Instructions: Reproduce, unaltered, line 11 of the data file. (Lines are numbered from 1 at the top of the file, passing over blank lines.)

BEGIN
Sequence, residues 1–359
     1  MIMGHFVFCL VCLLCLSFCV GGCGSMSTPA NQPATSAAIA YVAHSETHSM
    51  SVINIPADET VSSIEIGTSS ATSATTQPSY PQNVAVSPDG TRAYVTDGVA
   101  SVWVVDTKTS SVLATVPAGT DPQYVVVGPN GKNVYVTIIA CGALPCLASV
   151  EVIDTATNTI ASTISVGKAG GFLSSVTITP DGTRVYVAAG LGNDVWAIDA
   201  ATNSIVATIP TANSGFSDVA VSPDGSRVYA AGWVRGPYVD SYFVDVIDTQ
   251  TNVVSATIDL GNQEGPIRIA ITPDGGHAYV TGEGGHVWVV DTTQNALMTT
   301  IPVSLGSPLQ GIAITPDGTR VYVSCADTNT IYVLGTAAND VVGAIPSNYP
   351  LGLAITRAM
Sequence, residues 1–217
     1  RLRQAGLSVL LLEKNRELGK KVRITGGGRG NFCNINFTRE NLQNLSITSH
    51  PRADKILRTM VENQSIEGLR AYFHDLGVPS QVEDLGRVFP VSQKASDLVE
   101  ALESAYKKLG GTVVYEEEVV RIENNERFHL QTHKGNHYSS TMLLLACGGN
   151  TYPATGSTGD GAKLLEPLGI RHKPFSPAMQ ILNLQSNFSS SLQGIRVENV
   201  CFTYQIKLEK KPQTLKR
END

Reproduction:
     1  RLRQAGLSVL LLEKNRELGK KVRITGGGRG NFCNINFTRE NLQNLSITSH